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To be a new graduate
The end of graduation season brings the beginning of "new job advice" season. Not everyone will be pulled aside at a graduation party to hear someone else whisper just one word in their ear (like "plastics"). A lot of that advice will instead circulate on platforms like LinkedIn and Twitter, where quality control leaves something to be desired.
■ One exhibit in the Bad Job Advice Hall of Fame was entered by a venture capitalist by the name of Jordan Kong: "Unpopular opinion: the best thing young people can do early in their careers is to work on the weekends."
■ She's right: That advice is and deserves to be unpopular. Not because it challenges people to do something they don't want to do but should. It deserves to be unpopular because it's bad advice, and not just because it's a recipe for an unbalanced life and psychological burnout (though surely it is that).
■ "Work on weekends" suggests that quantity of time spent on the clock is more important than the quality of that time. That alone makes it unsound advice. Some people certainly might benefit from putting in many extra hours, if those are going to be quality hours of high-value, high-productivity work. But that isn't usually the case for someone just entering the workforce.
■ Despite the confidence with which many a recent graduate may enter the working world, the newly-minted graduate is rarely more than a malleable piece of clay, needing to be formed. The new worker is rarely like a new machine that can and should be operated at full speed fresh out of the crate. (And, even at that, most machinery needs a breaking-in period.) Instead, the new worker is a vessel that needs to be handled and filled thoughtfully in order to be of real use. As an alternative to "work on weekends", consider these four recommendations instead.
■ First: Attach yourself to a mentor who wants to pay it forward. This cannot be overstated. A good mentor -- someone who can act as a guide with the benefit of some advanced experience -- is the very best thing a young worker can find. There are many, many people who are willing to share their advice, their war stories, their habits, and most importantly their warnings with someone just starting out. The key is to find someone intent on doing so selflessly -- because they authentically and deeply believe that it's important to selflessly do something good for others.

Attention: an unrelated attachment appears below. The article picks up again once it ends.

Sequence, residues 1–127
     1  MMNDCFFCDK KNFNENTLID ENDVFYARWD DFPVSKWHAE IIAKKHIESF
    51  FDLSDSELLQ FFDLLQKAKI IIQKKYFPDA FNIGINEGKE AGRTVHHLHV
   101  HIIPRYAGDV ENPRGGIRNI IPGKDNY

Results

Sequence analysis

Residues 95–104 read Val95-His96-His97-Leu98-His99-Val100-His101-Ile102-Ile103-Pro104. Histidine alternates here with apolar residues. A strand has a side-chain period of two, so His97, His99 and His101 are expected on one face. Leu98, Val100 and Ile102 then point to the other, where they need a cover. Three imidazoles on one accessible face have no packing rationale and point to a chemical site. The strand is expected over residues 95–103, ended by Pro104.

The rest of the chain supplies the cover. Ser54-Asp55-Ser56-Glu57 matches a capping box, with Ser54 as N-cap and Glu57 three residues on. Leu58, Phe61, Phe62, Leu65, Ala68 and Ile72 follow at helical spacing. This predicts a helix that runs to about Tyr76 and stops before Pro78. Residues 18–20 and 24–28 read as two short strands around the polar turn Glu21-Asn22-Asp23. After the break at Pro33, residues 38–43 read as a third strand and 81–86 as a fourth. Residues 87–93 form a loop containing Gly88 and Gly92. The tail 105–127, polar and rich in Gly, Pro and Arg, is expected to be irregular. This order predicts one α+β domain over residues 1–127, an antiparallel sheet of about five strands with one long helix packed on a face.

■ There are false mentors out there -- people who just want to build an entourage, or who might share a nugget or two of advice without any real sustained interest in their proteges. But, though it may seem paradoxical, the relationships that begin with a mentor who gives most selflessly are the most likely to become mutualistic later on. Regrettably, there is no ideal field guide to finding a good mentor. One must look consciously, open-mindedly, and in good faith. (Fortunately, a lot of employers and industry organizations are learning to help facilitate these relationships. That's good for everyone.)
■ Second: Make your boss look good. There is a very good chance your boss will not be a suitable mentor. Your boss is, instead, the person whose success will tend to have the most immediate short-term effect on your own success. Look for ways to help the boss succeed in ways that make them look good to their own bosses and customers. Everyone has a boss of some sort -- even the self-employed, for whom the effective "boss" may be a key customer, a vital principal account, a community of voters, or a regulator. Making one's own boss look good (strictly within the bounds of ethical behavior) is one of the highest-return investments to make early in a career.
■ Third: Make yourself indispensable by being willing to learn everything. The new worker is lucky if he or she knows 10% of what they really need to know on the job. There's a reason doctors perform a residency -- schoolwork alone just isn't enough. Learn everything you can, especially by being willing to do the little jobs that crop up. A diploma is far less a certification about what you know than it is a signal that you know how to learn. Once you're on the job, you have to prove that piece of paper was more than just a signal. You do that by learning.
■ Fourth: Do honest work for honest pay. If you're being paid fairly, do the work you're expected to do. You are not an indentured servant, and unreasonable expectations (like, for instance, working excessive hours on nights and weekends) are a sign you're not dealing with an honest party at the other end of your employment contract. If you detect dishonesty, bad faith, or illegality in your work, the time to get out of it is right away. A company that tells its employees one thing and tells its investors, customers, or regulators another is a company that will take down your career if you stick around. Honesty goes far beyond avoiding just the lies that will get you in trouble.
■ If you're being paid to do work that is such a joy that you would do it without pay, that's a fine reason to punch the clock for more than just your contracted hours per week. But if you're in those shoes, you probably already know it. For everyone else, boundaries matter. And so does the measure of humility that comes with knowing that as a new worker, you have much to learn. The best thing a young person can do early in their career isn't to ruin their weekends: It's to make every effort to learn.